Auditor questions Pembrokeshire council chief payment changes
- 27 September 2013
- From the section South West Wales
The Wales Audit Office has refused to sign off Pembrokeshire council's accounts after questioning payments to its chief executive, it has emerged.
Senior councillors backed changes for highest-paid council staff to leave the Local Government Pension Scheme (LGPS).
They would then receive a cash equivalent of the employer's pension contribution, for tax reasons.
Pembrokeshire council said the change was aimed to "aid the recruitment and retention of senior staff".
The local authority said the changes involve no additional costs.
The Wales Audit Office (WAO) has refused to sign off Pembrokeshire council's accounts for 2012-13 because of what is termed a "difference of opinion" over the legality of the change.
The WAO later added: "Other than Carmarthenshire and Pembrokeshire county councils, the appointed auditor is not aware of any other unitary authorities in Wales who have entered into a similar arrangement."
The issue will be discussed by Pembrokeshire's corporate governance committee on Monday.
Carmarthenshire council has taken a similar decision, judged to be unlawful by the Wales Audit Office.
But Pembrokeshire council says it has had contrary legal advice that the decision by the senior staff committee on September 2011 was lawful.
Carmarthenshire council also said it was advised that its payments to chief executive Mark James were lawful.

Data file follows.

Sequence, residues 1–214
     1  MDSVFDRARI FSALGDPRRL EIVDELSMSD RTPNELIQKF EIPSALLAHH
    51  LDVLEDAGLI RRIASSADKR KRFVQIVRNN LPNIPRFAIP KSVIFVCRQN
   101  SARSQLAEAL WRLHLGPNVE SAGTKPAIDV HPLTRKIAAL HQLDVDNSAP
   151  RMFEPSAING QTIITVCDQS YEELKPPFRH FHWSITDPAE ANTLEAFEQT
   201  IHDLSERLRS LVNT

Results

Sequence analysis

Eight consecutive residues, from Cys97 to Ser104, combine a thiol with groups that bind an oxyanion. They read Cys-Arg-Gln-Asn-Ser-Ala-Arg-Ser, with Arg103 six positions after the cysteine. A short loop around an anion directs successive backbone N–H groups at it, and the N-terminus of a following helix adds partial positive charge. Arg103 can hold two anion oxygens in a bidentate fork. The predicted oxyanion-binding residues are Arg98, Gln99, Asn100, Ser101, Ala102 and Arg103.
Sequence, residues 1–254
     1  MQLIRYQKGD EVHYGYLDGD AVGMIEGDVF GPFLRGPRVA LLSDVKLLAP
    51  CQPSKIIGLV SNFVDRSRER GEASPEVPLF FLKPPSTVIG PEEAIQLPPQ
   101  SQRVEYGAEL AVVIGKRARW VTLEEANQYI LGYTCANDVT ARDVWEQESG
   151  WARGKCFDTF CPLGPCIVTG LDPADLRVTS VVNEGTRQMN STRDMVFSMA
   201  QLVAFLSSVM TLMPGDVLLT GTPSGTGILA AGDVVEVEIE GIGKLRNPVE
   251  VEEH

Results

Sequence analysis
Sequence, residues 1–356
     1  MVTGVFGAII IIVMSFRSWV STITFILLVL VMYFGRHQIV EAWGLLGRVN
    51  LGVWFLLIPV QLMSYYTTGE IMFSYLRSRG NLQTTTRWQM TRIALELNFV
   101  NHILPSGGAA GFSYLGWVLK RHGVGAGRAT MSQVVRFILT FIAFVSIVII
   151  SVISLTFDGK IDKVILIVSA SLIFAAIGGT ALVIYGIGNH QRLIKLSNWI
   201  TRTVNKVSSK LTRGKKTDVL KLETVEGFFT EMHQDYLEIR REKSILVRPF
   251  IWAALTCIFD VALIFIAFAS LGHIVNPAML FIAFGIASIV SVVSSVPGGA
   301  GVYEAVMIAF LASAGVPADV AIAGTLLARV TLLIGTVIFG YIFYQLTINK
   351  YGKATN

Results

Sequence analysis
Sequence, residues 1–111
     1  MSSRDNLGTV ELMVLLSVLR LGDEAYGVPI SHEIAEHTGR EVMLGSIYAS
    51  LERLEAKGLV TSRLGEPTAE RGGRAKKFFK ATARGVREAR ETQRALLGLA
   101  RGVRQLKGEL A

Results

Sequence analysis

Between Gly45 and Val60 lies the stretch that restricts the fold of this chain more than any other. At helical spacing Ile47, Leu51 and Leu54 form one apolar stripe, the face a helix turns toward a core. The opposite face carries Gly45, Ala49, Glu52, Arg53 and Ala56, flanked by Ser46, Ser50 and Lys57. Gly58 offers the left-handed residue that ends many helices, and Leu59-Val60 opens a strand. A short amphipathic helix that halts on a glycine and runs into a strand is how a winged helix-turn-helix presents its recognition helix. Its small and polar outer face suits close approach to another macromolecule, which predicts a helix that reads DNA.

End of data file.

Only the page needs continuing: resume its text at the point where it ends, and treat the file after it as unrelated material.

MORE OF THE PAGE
Carmarthenshire's audit committee will discuss the issue on Friday.
BBC Wales has learnt that the chief executive of Pembrokeshire council, Bryn Parry Jones, was present at the meeting when the changes were discussed by members and he was also present when the issue of changes to pension contribution was discussed.
Although the meeting was open to the public, it was held in the chief executive's office.
The public were excluded for the part of the meeting when the pension contributions were discussed.
Six councillors attended the meeting: John Davies (council leader at the time); Jamie Adams (deputy leader at the time, now leader); John Allen Mirehouse; David Wildman (retired); Susan Perkins (Lab at the time, now independent) and Stan Hudson.
Pembrokeshire council's annual financial report for the last year shows that the chief executive received a total of £194,661 including pension and equivalent contributions.
There were no employer pension contributions to the LGPS on his behalf for 2012/13 against £30,600 for 2011/12.
It is not known whether other senior council staff opted out of the scheme.
A spokesperson for Pembrokeshire council has confirmed that the chief executive did opt to take a payment in lieu of contributions to the pension scheme.
The spokesperson said: "As stated in the written report submitted by Wales Audit Office, this is a complicated area and will affect other public bodies in Wales.
"The council's legal advice is that the decision made by the senior staff committee on September 28th 2011 - to allow senior staff to receive the equivalent of the employer's pension contribution if they opt out of the Local Government Pension Scheme - is lawful.
"The scheme is open to all senior officers and there is no additional cost falling on the council from any officers 'opting out' of the Local Government Pension Scheme.
"The purpose of offering the 'opt-out' is to aid the recruitment and retention of senior staff.
"The chief executive, Bryn Parry Jones, was present at the senior staff committee meeting on 28th September 2011 as he would be for all senior staff committee meetings."